This law expands the definition of pedicab to include a four-wheeled device that is pedal-powered, has a seating capacity for eight or more passengers (I’ve never seen one that carries that many people, nor would I care to be the person pedaling it), cannot travel in excess of 15 miles per hour, and is being used for transporting passengers for hire. This law sets requirements related to local authorization, operator qualifications and training, financial responsibility, accident reporting, safety equipment, and inspections. The law establishes rules and standards for pedicabs that allow passengers (not the driver) to consume alcohol on board, if authorized by local ordinance or resolution.
Designed to give lawbreakers a break on ticket fines and fees, this law amends the criteria for a person to be eligible for the traffic citation amnesty program. The traffic amnesty program was approved through the 2015/16 Budget Act. A person is eligible for the traffic amnesty program if he or she has not made any payments after September 30, 2015, to a collection program for fines or bail already due. The law also indicates that payment of bail, fines, penalties, fees, or a civil assessment is not required in order for the court to remove the civil assessment of up to $300 against any defendant who fails, after notice and without good cause, to appear in court.
Earbuds / Headsets
This new law may not be music to your ears. In fact, it will prevent it. It is unlawful to wear a headset covering, earplugs in, or earphones covering, resting on, or inserted in, both ears, while operating a motor vehicle or a bicycle. The law does not apply to persons operating authorized emergency vehicles, construction equipment and refuse or waste equipment while wearing a headset or safety earplugs.
Consumer Protection – Starter Interrupt Warning
Some car dealers install a device that allows them to prevent your car from starting should you not make a car payment on time. New law requires a “buy-here-pay-here” dealer to make certain disclosures and notices to a vehicle buyer when a vehicle is sold with tracking and starter interrupt technology installed. This law also requires advance warning be given to the purchaser prior to engagement of the starter interrupt technology, if the buyer fails to make timely vehicle payments. A “buy-here-pay-here” dealer is defined as a used car dealer that assigns less than 90 percent of their conditional sales and lease contracts to third party lenders; and therefore provide direct financing to car buyers.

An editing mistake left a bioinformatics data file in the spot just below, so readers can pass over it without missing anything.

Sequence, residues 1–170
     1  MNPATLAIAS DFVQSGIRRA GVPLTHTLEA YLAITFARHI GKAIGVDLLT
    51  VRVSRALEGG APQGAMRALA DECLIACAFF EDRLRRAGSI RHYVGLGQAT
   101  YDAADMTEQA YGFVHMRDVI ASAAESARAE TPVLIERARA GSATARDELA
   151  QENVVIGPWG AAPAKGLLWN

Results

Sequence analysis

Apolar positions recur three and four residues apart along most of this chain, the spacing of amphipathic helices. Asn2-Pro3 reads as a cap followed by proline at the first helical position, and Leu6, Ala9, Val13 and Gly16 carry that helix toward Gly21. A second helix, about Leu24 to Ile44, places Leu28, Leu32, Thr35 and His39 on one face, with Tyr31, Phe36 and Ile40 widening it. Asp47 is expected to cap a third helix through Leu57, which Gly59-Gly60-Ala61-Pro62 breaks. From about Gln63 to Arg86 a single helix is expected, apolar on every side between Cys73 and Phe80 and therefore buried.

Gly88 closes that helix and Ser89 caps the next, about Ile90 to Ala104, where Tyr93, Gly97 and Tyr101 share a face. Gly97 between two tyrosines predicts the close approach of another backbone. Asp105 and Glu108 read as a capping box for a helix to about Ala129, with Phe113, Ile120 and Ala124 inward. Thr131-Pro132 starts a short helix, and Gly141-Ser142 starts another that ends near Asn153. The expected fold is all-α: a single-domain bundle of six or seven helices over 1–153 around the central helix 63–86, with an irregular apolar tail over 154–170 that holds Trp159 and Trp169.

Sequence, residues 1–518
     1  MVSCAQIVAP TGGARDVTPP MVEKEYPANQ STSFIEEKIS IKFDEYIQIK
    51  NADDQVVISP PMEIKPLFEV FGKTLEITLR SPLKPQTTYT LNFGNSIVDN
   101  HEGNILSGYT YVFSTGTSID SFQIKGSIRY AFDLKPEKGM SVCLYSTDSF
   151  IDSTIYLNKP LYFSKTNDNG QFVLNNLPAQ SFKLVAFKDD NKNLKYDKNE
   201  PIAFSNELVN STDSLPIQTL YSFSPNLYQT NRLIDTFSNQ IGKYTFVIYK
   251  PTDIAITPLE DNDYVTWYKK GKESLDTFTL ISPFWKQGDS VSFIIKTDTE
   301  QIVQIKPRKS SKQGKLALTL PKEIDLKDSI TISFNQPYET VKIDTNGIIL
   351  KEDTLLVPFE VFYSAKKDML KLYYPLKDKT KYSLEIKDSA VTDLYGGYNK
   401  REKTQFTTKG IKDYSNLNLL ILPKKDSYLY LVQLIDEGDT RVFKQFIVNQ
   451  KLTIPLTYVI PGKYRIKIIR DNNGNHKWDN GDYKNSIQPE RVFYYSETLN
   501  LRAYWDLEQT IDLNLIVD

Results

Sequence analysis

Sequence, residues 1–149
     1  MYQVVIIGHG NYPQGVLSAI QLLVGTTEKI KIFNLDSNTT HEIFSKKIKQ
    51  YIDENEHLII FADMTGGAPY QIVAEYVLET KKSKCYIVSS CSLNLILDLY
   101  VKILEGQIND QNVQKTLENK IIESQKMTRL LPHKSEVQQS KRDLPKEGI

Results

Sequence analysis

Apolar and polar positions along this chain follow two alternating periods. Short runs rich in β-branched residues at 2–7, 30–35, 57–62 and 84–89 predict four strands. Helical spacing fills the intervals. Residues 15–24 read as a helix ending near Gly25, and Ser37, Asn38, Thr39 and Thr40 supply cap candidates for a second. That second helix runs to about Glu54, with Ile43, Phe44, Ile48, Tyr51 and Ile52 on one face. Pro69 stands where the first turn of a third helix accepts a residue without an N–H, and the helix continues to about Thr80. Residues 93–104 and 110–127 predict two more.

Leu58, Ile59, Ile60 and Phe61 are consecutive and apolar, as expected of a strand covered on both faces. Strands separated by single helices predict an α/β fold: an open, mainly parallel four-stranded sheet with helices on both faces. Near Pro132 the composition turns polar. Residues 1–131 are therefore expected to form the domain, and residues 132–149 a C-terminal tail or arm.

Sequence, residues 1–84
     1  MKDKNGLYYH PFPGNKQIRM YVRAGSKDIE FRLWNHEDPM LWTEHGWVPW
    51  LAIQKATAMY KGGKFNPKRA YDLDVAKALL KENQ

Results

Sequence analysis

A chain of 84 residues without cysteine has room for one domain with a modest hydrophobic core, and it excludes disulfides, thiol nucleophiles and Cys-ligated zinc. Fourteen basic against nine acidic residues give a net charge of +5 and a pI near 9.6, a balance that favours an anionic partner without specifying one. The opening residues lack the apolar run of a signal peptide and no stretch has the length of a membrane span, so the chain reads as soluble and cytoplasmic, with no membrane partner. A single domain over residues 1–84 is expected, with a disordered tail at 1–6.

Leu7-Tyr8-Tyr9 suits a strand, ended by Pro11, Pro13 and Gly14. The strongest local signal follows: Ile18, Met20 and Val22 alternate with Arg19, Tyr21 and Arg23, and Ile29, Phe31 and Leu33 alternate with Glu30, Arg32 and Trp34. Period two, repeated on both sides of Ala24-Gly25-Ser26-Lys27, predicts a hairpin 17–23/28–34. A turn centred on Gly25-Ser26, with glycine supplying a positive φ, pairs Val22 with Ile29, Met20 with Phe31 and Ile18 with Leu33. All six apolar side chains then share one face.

Transportation Network Companies
This new law requires a transportation network company (TNC) to participate in the DMV’s Employer Pull Notice (EPN) Program. TNCs (such as Uber, Lyft, etc.) provide prearranged transportation services for compensation using an online-enabled application or platform, to connect drivers using their personal vehicles with passengers. The program will provide each TNC with a report showing a driver’s current public record, as recorded by the department, and immediate notifications of moving violations, accidents, driver license suspensions, revocations, and other actions taken against the driving privilege. The DMV’s EPN program provides employers and regulatory agencies with a means of promoting driver safety through the ongoing review of driver records.
California Residency Requirement
This law will require an applicant for an original driver license or identification card to provide proof of California state residency, starting July 1, 2016 and it will bring DMV into compliance with a federal law requirement. The DMV will need to adopt regulations relating to the procedures for verifying that the applicant is a California resident. Perhaps they could ask them to name each Kardashian. After all, what self-respecting Californian wouldn’t know that?
California New Motor Voter Program
This law creates an automatic voter registration process for qualified individuals who apply for a driver license or identification card, or submit a change of address to the DMV. The law will require that DMV implement the New Motor Voter Act no later than one year after the Secretary of State certifies all of the following: the state has a statewide voter registration database that complies with the requirements of the federal Help America Vote Act of 2002 (52 U.S.C. Section 20901 et seq.), the Legislature, has appropriated the funds necessary for the Secretary of State and DMV to implement and maintain the program, and the Secretary of State has adopted regulations to implement the law.
Child Safety Seats
If you’re the parent of a small child (or discover you ARE the baby’s daddy in front of a live audience on the The Maury Show), there’s a new law concerning child passenger safety that will take effect January 1, 2017. Children under two years of age must ride rear-facing in an appropriate child passenger safety seat. Children weighing 40 or more pounds or standing 40 or more inches tall would be exempt. California law continues to require that all children under the age of eight be properly restrained in an appropriate child safety seat in the back seat of the vehicle.
For additional information on California law, go to leginfo.ca.gov.